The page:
Research conducted for Marketing last week by OnePoll, prior to the NotW closing, reveals that the paper's readers had the least-strong feelings regarding the scandal (see box, below). Just 34% were aware of the story and 'cared very much', while 27% 'strongly agreed' that brands should pull ads. This compared with 75% awareness and 76% strong agreement from Observer readers.

How much the brand would have been damaged in the long term in the perception of its own core readership remains open to question. Nonetheless, some media buyers believe NI's decision makes simple commercial sense.

'It was a strange day for newspapers,' says Amy King, head of press at MPG Media Contacts. 'So many clients had pulled out, and how long would that go on for? What NI has done is clever, but we'll wait to see what happens next.'

The axing of the NotW may have sent shockwaves through the industry, but all eyes are now are on what will fill the hole left by the nation's biggest paper.

Editor's comment, page 27.

Timeline Brands' part in the death of a 168-year-old newspaper

Tues 5 July: Ford announced it was suspending all NotW advertising. Other brands, including Npower, TUI, Halifax, T-Mobile, Morrisons, The Co-operative Bank, Virgin Media and Virgin Holidays, said they were reviewing the situation.

Weds 6 July: 09.00 Mumsnet pulled its Sky campaign in protest at the NotW allegations.

09.45 Bloggers organised as the campaign #saynotonotw trended on Twitter.

09.50 Sainsbury's said it was reviewing its links with NotW.

12.00 Halifax pulled its NotW ads and said it was considering its 'longer-term position'.

12.30 Virgin Holidays decided to pull out of bookings for the following Sunday's paper. The Co-operative Group agreed to stop advertising.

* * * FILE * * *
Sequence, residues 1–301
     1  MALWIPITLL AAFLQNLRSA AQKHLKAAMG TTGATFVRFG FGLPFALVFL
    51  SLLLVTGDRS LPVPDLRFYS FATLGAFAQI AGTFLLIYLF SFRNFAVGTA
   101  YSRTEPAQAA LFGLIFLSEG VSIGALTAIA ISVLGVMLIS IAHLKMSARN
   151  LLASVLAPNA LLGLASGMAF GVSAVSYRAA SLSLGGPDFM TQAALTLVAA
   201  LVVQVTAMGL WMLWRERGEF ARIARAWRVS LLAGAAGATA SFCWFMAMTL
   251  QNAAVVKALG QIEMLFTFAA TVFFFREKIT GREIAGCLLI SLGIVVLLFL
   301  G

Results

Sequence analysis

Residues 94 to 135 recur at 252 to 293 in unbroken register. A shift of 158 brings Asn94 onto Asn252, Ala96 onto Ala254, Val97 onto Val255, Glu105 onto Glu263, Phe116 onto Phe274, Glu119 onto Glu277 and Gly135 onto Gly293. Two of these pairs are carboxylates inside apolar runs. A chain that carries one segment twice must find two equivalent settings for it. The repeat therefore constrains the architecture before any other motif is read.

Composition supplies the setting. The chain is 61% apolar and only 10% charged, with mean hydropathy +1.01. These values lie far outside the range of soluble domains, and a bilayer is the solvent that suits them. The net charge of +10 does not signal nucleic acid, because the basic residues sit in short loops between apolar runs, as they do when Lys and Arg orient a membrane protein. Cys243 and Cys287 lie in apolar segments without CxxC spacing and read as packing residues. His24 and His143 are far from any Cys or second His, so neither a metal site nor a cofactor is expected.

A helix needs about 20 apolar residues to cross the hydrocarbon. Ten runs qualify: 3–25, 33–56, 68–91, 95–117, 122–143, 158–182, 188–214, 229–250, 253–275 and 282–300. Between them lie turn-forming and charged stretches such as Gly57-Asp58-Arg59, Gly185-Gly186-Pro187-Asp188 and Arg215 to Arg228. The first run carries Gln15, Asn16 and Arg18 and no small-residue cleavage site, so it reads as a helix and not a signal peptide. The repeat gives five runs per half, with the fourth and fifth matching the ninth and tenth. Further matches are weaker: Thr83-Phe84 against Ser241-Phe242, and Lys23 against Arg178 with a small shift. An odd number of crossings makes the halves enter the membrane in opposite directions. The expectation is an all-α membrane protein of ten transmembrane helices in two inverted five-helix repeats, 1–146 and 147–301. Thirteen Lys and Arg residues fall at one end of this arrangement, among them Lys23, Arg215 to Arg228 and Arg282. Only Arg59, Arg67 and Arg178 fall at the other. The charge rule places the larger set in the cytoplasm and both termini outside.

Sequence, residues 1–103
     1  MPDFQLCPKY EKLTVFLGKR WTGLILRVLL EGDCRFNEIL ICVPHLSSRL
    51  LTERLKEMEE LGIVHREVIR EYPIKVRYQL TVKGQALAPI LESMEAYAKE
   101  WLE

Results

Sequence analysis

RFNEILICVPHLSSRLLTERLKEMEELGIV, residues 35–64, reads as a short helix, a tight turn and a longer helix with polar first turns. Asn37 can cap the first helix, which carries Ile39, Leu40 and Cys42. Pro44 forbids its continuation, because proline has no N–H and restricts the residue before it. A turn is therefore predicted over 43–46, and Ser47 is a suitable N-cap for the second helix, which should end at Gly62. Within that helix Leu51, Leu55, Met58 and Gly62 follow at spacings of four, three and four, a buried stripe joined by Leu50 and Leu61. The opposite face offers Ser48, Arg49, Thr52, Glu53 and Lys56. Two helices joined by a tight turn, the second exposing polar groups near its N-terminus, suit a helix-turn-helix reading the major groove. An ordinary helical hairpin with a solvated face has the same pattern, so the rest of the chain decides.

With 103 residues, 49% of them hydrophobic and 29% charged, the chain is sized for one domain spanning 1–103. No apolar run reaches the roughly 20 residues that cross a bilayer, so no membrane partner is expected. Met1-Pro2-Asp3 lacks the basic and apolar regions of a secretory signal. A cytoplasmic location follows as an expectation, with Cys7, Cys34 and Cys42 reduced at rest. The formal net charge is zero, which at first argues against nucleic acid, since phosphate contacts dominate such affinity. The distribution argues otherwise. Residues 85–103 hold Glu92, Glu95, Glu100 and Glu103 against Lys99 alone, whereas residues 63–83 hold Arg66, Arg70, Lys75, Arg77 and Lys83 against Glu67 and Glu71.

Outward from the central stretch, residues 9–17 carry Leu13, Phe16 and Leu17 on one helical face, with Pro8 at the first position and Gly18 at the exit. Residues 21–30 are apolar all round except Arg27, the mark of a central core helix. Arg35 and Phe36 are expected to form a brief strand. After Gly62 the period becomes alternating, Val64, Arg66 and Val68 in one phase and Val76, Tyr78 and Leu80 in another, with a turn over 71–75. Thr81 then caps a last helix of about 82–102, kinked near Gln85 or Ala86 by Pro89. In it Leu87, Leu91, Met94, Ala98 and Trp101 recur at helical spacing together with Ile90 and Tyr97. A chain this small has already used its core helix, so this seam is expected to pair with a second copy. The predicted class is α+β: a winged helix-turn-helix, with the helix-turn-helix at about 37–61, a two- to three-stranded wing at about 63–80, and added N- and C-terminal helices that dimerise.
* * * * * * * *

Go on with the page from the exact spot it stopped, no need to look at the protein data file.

13.30 Vauxhall suspended its NotW ads, pending the investigation into the allegations.

13.45 Ofcom said it was 'closely monitoring' the situation and how it might affect News Corp's takeover of BSkyB.

13.50 David Cameron pledged a public inquiry.

14.25 Mitsubishi said it was pulling its ads from the paper due to the 'unspeakable' Milly Dowler phone-hack allegations.

15.25 Butlin's said it would not advertise in Sunday's NotW.

16.00 Wickes said it would not advertise at all while the investigation was in progress.

Thurs 7 July: 10.00 Royal British Legion dropped NotW as campaigning partner following news of the alleged hacking of bereaved families of military personnel.

10.15 Npower suspended its advertising.

10.30 Sainsbury's suspended its advertising due to the 'rising concerns' of customers.

12.00 Boots and Shop Direct pulled their advertising.

12.55 Asda said it had 'no plans to advertise in NotW', but Tesco stood firm in its intention to advertise.

13.50 02, which spent £1m-plus with NotW, suspended its ads.

14.20 Reckitt Benckiser demanded fundamental change before it would return to advertising in the paper.